Literary reviews by Tim Love.
Warning: Rather than reviews, these are often notes in preparation for reviews that were never finished, or pleas for help with understanding pieces. See Litref Reviews - a rationale for details.

Tuesday 8 September 2009

"The Turing Test" by Chris Beckett (Elastic Press, 2008)

Winner of the 2009 Edge Hill Short Story collection prize, ahead of Ali Smith et al. 14 stories, 243 pages. Sci-Fi/Fantasy, but then so is Borges, so are Greek Myths.

  • "The Turing Test" - Art using corpses; Virtual creations that pass the Turing Test; the narrator's relationship with a toyboy; dangerous streets. Themes: Meaning of Life. Reality and Reproduction.
  • "The Warrior Half and Half" - Theme: Relativity of Good and Evil
  • "Monsters" - Relativity of relationships. Narrator likes the son, but his unlikeable mother was right about him after all.
  • "The Gates of Troy" - Disowning inheritance. Son doesn't like rich father, though son's friend does.
  • "The Perimeter" - best of the lot so far. Questioning reality in a Matrix world. Disappointing end.
  • "Valour" - VR and voices from other worlds. Spiritual anomie, ending with "he's lost an awful lot of blood"
  • "Snapshots of Apiriana" - anthropological snapshots
  • "Piccadilly Circus" - continues "The Perimeter"
  • "Jazamine in the Green Wood" is set in a world where females dominate
  • "Dark Eden" is disappointing - another "new Eden" piece
  • "We Could be Sisters" continues "The Turing Test", introducing multiverses. p.186 gives me an SF tingle-up-the-spine.
  • "La Macchina" - coping with emergence of sentient robots. Tame ending, but fine until then.
  • "Karel's Prayer" - Theme: identity. For all I know, some of the plot's been done by Star Trek TNG, but all the same it's well done.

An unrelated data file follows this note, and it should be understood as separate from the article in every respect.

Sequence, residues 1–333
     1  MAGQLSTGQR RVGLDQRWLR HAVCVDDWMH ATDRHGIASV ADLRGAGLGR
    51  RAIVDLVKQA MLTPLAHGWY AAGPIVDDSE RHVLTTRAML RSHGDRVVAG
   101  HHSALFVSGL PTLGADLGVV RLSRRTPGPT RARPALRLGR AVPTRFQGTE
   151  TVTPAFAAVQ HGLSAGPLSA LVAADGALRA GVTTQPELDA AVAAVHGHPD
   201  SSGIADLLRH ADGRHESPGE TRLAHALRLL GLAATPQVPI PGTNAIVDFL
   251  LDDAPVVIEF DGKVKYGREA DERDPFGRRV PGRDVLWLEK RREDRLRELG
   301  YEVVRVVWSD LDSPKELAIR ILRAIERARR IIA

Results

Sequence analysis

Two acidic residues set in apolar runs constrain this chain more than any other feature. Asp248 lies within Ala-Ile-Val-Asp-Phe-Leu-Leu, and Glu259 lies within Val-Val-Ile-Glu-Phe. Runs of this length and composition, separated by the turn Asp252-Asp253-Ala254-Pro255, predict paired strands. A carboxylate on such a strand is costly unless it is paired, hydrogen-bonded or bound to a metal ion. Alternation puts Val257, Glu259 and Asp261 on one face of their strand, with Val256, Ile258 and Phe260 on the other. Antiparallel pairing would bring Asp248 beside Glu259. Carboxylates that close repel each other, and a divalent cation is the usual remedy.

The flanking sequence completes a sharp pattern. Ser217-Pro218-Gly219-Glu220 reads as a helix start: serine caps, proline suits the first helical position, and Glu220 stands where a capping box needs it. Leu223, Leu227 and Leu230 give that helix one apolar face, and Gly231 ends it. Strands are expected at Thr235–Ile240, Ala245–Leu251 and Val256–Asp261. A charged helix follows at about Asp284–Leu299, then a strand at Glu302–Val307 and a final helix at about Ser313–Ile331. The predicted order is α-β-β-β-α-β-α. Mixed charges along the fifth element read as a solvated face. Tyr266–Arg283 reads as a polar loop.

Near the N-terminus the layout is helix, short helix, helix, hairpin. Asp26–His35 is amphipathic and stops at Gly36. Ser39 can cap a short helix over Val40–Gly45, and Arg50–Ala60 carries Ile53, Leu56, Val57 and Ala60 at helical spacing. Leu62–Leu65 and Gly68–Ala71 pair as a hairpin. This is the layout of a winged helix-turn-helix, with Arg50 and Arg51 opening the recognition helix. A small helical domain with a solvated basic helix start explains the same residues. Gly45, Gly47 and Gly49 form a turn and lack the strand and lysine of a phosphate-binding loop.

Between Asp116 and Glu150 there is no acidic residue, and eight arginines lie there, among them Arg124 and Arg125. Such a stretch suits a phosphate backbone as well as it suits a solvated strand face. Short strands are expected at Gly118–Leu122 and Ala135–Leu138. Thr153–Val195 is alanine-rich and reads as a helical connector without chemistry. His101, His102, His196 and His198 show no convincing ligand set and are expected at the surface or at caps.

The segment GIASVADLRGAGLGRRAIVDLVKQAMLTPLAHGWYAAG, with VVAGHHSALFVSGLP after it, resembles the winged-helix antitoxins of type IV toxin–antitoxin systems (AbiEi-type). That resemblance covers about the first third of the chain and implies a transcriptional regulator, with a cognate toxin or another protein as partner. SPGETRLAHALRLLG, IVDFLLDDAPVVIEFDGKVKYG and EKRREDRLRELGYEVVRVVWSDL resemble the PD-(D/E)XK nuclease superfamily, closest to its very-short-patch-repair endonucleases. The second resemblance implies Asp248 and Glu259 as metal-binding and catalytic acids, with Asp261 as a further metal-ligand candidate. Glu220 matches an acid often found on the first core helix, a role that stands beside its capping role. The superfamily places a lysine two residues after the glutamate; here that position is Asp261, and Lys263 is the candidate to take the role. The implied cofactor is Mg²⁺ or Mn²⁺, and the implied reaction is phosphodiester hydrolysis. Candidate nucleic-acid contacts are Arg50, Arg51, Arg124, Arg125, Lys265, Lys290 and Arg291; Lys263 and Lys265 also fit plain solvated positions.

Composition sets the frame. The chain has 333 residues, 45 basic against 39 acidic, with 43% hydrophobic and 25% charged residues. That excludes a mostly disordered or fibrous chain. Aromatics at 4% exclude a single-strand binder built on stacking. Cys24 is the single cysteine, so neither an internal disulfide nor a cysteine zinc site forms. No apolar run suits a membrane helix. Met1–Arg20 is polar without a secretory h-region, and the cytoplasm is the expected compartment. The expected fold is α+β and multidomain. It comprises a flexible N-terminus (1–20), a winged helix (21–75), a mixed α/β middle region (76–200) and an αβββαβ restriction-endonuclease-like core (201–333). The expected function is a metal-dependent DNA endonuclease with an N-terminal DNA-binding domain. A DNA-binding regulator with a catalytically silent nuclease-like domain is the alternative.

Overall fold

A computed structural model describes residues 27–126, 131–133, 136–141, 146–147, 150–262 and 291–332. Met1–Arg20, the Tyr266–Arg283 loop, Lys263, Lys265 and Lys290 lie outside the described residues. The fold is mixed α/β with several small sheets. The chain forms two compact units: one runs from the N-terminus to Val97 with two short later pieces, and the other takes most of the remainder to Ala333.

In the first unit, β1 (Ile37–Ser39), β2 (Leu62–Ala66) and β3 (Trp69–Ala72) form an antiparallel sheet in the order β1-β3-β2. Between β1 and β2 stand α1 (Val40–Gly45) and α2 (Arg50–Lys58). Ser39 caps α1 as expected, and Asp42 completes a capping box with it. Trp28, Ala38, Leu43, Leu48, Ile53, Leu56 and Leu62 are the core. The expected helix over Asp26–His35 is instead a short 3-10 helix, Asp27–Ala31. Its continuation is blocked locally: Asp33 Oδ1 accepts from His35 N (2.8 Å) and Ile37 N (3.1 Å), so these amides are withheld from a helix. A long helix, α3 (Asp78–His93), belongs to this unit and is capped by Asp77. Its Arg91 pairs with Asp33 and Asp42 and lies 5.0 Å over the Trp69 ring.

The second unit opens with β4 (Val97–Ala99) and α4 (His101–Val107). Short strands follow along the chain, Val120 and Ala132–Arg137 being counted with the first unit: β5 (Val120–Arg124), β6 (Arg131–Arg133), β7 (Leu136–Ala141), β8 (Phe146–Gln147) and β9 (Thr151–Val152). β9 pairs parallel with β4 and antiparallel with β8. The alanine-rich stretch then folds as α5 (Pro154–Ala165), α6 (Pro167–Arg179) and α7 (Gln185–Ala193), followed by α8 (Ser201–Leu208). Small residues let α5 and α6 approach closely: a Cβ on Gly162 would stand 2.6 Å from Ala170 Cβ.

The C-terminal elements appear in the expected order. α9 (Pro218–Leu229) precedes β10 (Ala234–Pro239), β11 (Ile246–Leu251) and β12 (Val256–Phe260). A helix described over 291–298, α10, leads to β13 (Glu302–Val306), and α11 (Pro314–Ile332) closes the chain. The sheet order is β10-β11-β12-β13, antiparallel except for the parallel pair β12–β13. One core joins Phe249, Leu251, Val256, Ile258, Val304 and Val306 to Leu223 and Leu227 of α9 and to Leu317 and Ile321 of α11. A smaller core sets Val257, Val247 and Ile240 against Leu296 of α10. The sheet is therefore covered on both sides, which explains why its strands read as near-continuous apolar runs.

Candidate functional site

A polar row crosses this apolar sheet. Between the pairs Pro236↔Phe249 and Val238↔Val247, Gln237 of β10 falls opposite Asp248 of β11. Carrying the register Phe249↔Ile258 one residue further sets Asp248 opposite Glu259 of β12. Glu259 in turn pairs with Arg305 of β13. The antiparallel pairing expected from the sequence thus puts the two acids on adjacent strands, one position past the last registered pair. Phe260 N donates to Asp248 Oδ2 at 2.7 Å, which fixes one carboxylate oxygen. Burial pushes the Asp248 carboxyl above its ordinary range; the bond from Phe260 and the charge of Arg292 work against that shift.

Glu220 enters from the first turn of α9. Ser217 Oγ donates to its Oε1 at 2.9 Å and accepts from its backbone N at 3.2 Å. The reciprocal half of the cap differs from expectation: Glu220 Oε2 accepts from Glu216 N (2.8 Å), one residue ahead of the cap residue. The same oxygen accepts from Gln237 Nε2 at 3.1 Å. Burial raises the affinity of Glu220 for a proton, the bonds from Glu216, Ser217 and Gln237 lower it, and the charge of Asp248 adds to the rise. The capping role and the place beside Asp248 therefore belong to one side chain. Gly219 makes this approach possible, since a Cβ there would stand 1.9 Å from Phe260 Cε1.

• "The Marriage of Sky and Sea" - Anthropology explorer. The story starts fast and doesn't let up. p.230-231 are the best parts of a good story. Shades of Le Guin.

The dazzlement is deadpan, the narrators are unfazed by wonders. I guess this might impress people who don't read much SF - the "science" is mere backdrop. It's a strategy that works for SF-readers too - to them, the worlds are familiar and need little explanation.

Institutionalised religions (in this book there's no other type) don't fare well, and other meaning-of-life props ("identity", "the other") are undermined too. Deceptive appearances abound. Not only do people hide their feelings and misunderstand those of others, but the first person narrators confess their dissimilation. In the main the info-dumping's not too conspicuous - in "The Perimeter" it's done by way of an adult teaching a child. In "Piccadilly Circus" the narrator's conveniently writing a history book.

It seems to me that the author respects the readers and assumes they'll be hard to surprise, so plot-twists are often fore-shadowed. For example, in "Karel's Prayer" Mr Occam and Mr (doubting) Thomas challenge Karel's beliefs (Karel Capek first coined the term 'robot'), and standard TV interrogation strategies are assumed. "We Could be Sisters" starts with "Nature is profligate. All possible worlds exist. In one of them there was once an art gallery in Red Lion Street, London WC1, and its manager was a woman called Jessica Ferne", which given the title adumbrates the plot.

The final 4 stories plus "The Perimeter" are my favourites. The final story could easily serve as a metaphor for the whole mission. A celebrity anthropologist/author travels to other planets carrying a computer shaped like an egg. The computer's more than a dictaphone, it can write to order - "add a chapter about the Aristotle Complex. What we know of the early settlers, their motives, their desire to escape from decadence ... and so on. Themes: finality, no turning back, taking risks, a complete beak with the past [...] Neo romantic style with a small twist of hard-boiled. Oh and include three poetic sharp edge sentences. Just three. Low adjective count.". At the end the writer's boat is burnt (his space-ship destroyed), and he feels as if he's put down a burden. The egg says "A good ending for the book!" and the author replies "What book you idiot?". No longer a detached observer, he "went to the rope ladder and began to lower himself, carefully avoiding looking down."

At times there are apparent lapses that an editor could have ironed out

  • On p.75 there's "It's a windy night" then 3 lines later "she was winding him up"
  • p.99 has Mr Gruber going to a "grubby kitchen"
  • In a story about Classia Fall, the narrator's writing a book entitled "The Decline and Fall of Reality"
  • The language is pared down, but even so there are choppable words - e.g. in "We could be sisters" there's "its manager was a woman called Jessica Ferne" - why is 'a woman called' needed? Perhaps to indicate that Jessica wasn't a robot?

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